In the winter, the temperatures plummet, the snow blankets the ground, the trees and bushes are stark and bare. People bundle up in coats, boots, gloves, and scarves if they have to leave the warmth of their homes. Hot chocolate, warm soups, and comfort foods keep them warm and nourished. This is the human winter survival plan.
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What happens to animals in winter? What is their survival plan? Some people feel sorry for the animals who have to endure the elements, but don’t worry. They have a plan.
Many animals survive the harsh winters by taking a long nap of sorts. Hibernation is a special kind of sleep where the heart rate of the animal slows to only a few beats a minute and their body temperature drops significantly. During this time, the animal uses very little energy.Some animals can hibernate for 5 to 7 months.
To prepare for hibernation, animals must increase their body fat by eating much more than usual in the weeks leading up to entering hibernation. Animals must, also, find the right spot to hibernate. This might be in a hollow tree, a den dug in the ground, or other shelter that might keep out most of the elements.
Some mammals such as chipmunks, ground hogs, skunks, bats, and bears hibernate. Snakes, turtles, and some insects such as bees, also, hibernate during the winter.
Some animals do not stick around to feel the winter winds and brave the cold. They head south where the weather is warmer and the food is plenty.
In our area, one of the first signs of fall approaching is the movement of birds. We start to see certain species of birds that are common to see in the summer months, such as Robins, start to flock together in larger groups and then eventually disappear just as the cooler weather sets in. We also see warblers and waterfowl that pass through our area in the fall on their way to warmer weather.
Birds often travel great distances to reach their winter homes, as do some butterflies and moths. Monarch butterflies spend their summers in Northern United States and Canada, but migrate as far south as Mexico in the winter.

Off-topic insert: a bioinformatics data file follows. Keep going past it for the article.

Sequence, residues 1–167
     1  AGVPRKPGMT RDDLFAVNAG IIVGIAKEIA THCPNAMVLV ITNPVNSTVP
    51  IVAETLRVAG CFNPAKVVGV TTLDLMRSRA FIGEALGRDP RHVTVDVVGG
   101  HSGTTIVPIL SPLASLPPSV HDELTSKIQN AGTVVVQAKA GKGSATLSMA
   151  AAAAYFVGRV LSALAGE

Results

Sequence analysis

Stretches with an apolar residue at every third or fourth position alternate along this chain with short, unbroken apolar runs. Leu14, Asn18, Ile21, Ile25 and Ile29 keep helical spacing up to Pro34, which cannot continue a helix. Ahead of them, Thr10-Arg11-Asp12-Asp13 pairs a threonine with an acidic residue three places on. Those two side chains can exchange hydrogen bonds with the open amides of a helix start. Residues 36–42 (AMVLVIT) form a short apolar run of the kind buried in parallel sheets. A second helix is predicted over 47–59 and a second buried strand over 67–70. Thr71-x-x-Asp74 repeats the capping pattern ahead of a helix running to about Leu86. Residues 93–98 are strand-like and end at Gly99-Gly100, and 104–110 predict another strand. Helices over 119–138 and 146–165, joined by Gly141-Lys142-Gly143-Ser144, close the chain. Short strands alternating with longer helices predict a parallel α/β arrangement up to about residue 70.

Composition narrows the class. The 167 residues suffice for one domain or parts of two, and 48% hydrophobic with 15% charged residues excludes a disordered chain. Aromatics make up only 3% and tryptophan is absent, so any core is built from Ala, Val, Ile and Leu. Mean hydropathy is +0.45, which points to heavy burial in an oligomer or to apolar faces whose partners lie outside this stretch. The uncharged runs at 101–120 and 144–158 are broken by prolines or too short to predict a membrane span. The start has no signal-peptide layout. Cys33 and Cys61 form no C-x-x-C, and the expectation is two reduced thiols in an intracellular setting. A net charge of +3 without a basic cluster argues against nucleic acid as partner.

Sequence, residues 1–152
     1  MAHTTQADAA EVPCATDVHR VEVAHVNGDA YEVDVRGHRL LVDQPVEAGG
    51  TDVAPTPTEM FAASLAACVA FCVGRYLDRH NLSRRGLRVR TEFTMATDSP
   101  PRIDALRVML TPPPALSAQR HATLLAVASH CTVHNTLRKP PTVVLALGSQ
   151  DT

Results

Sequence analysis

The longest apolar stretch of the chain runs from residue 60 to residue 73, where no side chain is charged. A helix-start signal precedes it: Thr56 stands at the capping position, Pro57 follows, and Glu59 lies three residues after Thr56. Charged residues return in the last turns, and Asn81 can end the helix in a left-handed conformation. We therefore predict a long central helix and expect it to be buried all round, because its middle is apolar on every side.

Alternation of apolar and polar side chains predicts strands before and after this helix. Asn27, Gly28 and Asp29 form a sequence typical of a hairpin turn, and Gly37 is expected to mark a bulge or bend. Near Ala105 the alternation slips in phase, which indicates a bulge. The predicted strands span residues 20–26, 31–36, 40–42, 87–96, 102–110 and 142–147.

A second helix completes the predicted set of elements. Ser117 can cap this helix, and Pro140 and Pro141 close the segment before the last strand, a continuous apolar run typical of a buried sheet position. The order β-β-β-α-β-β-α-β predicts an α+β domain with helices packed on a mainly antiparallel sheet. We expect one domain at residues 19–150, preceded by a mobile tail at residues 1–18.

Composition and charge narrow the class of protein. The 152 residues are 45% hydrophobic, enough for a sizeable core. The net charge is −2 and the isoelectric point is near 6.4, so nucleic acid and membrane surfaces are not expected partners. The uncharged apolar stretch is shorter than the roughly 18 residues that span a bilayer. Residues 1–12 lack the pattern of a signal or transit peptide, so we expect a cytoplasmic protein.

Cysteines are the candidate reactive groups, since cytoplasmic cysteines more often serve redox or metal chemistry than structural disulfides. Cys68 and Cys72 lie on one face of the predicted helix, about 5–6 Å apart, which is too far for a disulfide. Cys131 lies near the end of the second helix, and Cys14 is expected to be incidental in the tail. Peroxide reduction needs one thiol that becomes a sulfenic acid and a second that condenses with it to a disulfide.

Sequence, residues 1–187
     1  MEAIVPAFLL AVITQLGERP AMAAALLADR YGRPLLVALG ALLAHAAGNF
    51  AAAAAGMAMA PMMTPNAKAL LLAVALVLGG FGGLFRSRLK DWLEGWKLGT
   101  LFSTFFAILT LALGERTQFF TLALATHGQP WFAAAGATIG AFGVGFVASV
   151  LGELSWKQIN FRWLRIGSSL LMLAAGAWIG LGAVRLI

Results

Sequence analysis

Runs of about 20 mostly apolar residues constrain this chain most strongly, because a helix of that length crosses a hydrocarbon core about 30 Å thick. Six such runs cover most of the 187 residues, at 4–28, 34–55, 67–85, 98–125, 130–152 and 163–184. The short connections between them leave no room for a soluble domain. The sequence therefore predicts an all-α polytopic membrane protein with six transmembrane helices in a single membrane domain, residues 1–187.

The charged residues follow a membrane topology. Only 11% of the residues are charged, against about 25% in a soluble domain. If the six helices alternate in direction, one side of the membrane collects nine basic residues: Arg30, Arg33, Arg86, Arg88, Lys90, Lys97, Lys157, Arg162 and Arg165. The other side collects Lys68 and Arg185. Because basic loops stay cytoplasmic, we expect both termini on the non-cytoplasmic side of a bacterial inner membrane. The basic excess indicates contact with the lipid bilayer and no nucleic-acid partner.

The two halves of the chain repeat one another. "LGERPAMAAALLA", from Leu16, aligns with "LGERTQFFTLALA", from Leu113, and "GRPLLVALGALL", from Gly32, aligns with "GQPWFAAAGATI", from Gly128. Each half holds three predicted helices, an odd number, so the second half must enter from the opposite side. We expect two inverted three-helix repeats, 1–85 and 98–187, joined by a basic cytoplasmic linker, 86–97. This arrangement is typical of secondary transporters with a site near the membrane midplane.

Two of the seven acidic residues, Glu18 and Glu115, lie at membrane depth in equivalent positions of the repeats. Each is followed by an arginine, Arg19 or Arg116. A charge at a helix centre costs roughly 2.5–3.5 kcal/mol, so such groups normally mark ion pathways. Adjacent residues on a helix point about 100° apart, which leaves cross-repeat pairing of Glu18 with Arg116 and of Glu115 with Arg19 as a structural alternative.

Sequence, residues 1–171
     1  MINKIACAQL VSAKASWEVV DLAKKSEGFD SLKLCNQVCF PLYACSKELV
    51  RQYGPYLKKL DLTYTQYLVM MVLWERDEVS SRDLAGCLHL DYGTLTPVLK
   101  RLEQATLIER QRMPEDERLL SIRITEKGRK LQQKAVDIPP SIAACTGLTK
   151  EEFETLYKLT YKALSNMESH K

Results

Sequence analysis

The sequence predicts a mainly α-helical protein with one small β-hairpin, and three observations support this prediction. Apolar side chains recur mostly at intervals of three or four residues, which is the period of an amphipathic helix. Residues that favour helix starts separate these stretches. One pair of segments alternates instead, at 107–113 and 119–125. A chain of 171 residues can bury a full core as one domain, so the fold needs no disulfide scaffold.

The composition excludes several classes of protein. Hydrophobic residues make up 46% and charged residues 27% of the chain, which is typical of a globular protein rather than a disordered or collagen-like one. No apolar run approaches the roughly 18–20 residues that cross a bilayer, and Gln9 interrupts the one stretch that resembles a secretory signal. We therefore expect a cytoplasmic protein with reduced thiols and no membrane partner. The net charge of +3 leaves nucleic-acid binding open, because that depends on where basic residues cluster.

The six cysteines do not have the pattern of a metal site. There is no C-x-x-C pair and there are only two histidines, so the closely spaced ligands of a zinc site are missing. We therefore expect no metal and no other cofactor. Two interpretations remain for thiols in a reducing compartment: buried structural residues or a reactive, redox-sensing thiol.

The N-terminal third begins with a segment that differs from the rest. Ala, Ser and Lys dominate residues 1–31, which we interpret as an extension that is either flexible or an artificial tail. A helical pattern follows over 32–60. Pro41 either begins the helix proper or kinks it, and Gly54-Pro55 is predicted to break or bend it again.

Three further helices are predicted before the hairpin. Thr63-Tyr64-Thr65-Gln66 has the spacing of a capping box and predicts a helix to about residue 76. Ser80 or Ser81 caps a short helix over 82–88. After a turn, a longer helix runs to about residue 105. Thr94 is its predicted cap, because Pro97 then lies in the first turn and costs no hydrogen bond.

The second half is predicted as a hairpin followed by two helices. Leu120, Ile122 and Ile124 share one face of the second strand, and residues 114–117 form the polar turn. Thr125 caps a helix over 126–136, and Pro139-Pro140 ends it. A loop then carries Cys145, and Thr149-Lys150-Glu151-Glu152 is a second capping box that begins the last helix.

Birds aren’t the only animals that migrate. Some mammals, like bats, caribou, and elk migrate in the winter in search of food.
One of our favorite things to do after a snowfall is to take a walk in the fresh snow and look for animal tracks. The snow offers a blank slate to collect evidence of what animals have been where.
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In our area, we might see cottontail rabbit, deer, fox, coyote, or squirrel tracks. These animals do not hibernate or migrate. They are as active as ever in the cold winter months. They simply adapt.
Most mammals, like foxes and deer, grow thicker coats of fur during the winter months and/or increase their fat storage in order to be insulated from the cold. Birds puff out their feathers to trap air within the layers for insulation.
Many animals, like mice and flying squirrels, who are more solitary during the summer colonize in the winter months to huddle together for warmth.
To maintain their body temperatures, animals must eat more than usual in the winter. Squirrels and Jays are known to hide away food in the fall to eat in the winter. Since food is scarce in the winter, this is very important. Animals like deer and rabbits do not store away their favorite foods. Instead, they change their eating habits to twigs, buds, and bark.
More Animals In Winter Resources
Want to learn more about how animals survive the winter?
Coping with the Cold: How Animals Prepare and Survive the Winter Season – Covers the topics of adaptations, migration and hibernation through a huge selection of outdoor and indoor nature study ideas!
Winter Adaptations Lesson Guide – pdf download
Animals In Winter Craft
Get a free download and instructions to make this adorable Christmas animals craft.